The benefits of 177mm over 197mm include more heel clearance, for sure, and usually a narrower Q-factor, which some people are more sensitive to than others. I like to ride chunky, technical trails on my Bucksaw with a 177mm rear end, and find that on some trails, even that is too wide, and I have trouble fitting the bike through some narrow spots between rocks.

  11. #11
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    Wouldn't personally buy a fat bike without 197/12 spacing myself and wonder why anyone would, but at that price, and if you're really convinced you're never going to want to run real fat tires on your fat tire bike, it's a good value.

  12. #12
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    Quote Originally Posted by litespeedaddict View Post
    Wouldn't personally buy a fat bike without 197/12 spacing myself and wonder why anyone would, but at that price, and if you're really convinced you're never going to want to run real fat tires on your fat tire bike, it's a good value.
    I'm not planning on going yomping over snow fields, so I doubt I'll ever fit massive tyres.

    And as Harold up there says, you get more heel clearance - which is handy for me as I pedal heels in and clip the chain / seat stays on all my bikes, even my road bike occasionally when i get really tired.

    It's 177 x 12 so it's going to be plenty stiff and the spec is swinging it for me, as well as the price

  13. #13
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    Quote Originally Posted by litespeedaddict View Post
    Wouldn't personally buy a fat bike without 197/12 spacing myself and wonder why anyone would, but at that price, and if you're really convinced you're never going to want to run real fat tires on your fat tire bike, it's a good value.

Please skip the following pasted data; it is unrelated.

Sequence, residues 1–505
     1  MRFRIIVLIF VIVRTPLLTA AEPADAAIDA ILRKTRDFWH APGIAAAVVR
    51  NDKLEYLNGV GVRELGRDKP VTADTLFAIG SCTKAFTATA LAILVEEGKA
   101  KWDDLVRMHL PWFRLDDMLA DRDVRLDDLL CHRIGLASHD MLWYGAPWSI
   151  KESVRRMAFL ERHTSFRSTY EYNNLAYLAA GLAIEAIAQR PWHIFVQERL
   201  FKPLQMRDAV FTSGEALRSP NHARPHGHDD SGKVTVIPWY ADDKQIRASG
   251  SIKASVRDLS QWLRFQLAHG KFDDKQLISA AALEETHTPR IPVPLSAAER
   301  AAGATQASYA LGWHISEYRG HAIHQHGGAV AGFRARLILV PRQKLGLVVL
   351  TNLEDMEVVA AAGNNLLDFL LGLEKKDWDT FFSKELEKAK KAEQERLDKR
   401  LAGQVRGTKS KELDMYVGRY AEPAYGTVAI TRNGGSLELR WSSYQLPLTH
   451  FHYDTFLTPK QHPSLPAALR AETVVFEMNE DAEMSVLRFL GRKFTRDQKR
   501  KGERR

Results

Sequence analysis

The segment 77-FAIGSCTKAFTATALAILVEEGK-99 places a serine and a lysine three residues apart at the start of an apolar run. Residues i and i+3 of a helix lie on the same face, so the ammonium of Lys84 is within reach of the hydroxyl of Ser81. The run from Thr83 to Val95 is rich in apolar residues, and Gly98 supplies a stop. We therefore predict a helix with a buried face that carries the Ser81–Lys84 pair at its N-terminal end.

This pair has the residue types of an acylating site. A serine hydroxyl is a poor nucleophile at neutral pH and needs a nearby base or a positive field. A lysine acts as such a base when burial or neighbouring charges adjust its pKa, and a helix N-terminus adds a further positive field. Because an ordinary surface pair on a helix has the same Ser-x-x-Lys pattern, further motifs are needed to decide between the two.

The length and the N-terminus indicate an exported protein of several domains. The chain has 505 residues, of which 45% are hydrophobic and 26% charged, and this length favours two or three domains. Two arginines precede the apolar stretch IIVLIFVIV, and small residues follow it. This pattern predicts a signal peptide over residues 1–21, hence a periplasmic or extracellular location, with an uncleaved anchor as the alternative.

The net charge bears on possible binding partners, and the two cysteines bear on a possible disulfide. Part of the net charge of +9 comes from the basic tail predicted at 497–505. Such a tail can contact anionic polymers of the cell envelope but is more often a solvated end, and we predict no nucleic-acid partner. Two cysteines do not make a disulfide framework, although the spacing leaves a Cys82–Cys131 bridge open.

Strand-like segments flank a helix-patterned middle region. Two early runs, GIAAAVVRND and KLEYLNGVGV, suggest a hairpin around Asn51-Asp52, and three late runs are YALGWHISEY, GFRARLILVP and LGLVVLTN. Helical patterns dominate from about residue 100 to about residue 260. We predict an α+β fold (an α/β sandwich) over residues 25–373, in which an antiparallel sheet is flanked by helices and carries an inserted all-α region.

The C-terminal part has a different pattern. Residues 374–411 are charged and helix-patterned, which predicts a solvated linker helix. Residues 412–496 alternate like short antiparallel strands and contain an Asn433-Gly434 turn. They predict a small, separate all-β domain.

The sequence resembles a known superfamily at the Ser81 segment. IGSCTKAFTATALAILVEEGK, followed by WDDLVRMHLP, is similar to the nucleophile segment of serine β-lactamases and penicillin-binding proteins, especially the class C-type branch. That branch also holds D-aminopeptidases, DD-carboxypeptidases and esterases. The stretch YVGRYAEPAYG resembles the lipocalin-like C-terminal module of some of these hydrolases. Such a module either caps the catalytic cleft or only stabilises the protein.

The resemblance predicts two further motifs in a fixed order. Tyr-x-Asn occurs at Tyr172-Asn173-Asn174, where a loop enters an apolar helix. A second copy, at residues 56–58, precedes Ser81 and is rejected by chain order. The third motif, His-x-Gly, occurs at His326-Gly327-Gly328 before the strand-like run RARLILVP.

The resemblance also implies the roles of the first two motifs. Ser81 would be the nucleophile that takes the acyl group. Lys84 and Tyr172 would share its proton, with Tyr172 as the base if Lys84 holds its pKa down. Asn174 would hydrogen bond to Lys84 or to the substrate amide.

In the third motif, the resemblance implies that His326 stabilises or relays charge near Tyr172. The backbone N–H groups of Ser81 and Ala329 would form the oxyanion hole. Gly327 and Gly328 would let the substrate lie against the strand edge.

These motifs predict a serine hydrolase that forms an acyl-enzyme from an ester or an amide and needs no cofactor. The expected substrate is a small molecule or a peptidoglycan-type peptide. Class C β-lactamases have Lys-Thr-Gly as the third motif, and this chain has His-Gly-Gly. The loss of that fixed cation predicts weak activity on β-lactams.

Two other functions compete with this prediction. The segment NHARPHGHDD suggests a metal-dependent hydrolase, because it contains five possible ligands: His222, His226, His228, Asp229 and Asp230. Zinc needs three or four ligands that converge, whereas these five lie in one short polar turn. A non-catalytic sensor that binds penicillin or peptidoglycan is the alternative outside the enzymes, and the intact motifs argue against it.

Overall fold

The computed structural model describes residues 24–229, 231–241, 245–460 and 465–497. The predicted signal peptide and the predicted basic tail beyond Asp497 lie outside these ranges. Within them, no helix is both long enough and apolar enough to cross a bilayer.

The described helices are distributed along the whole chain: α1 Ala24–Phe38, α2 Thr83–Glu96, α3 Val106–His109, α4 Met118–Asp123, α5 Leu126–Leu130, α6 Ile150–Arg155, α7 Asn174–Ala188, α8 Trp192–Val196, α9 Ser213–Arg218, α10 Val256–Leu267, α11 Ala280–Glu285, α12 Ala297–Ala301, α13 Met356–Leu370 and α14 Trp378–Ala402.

Folks who don't care about 5" tires are the people who SHOULD have no problem with a bike spaced at 177mm. For the riding I do, there are no benefits to a wider rear hub spacing.

  14. #14
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    If the Pugsley with 3.8 tires can accomplish so much in the snow and off beaten paths, I think 170/177 is fine for me. I agree with Harold, many 170/177 frames can fit a tire up to 4.8 as a 1x which is plenty good for me. I've got room on the MN for bigger in the rear and can fit a 5" in the fork where it really matters when cutting a new trail in the snow. Certainly, a wider tire can offer advantages in some situations, but so can the 4in tires in others. I also like the narrower q-factor and it's still plenty wide compared to a standard mtb bb shell. Bob Brown made a 1x fatty with an 73mm bbshell, sram x1 crank with 168 q factor and that fit's a 4" tire. He did have to offset the chain ring to get chain clearance, but it can be done. If Bob can do that, then others can find a way to a 5" tire on 100mm bb shell frame. Ride what you like, but 190/197 is not my thing.
    Last edited by dbhammercycle; 06-09-2016 at 07:46 AM. Reason: checked the fact book
    I don't know why,... it's just MUSS easier to pedal than the other ones.

  15. #15
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    177mm rear spacing on the rear axel is great. I have that on my Surly Wednesday. By having 177mm rear spacing it allows the manufactures to use a smaller q-factor on the cranks.

    What this means is that the crankset will only be slightly larger than the width on a regular mountain bike. Therefore, you won't notice much of a difference in pedaling this bike versus your regular mountain bike (Your feet won't be much father apart).

    But truth be told, most people say they can only notice a difference for the first 30 seconds between the normal q-factor on a regular mountain bike and even the wider q-factor on a 197mm axel bike.

    I think that basically the q-factors are such that a 177mm rear axel would have about 20mm to 30mm wider than a normal mountain bike bottom bracket width. And, then a 197mm rear axel would be about another 20mm wider yet.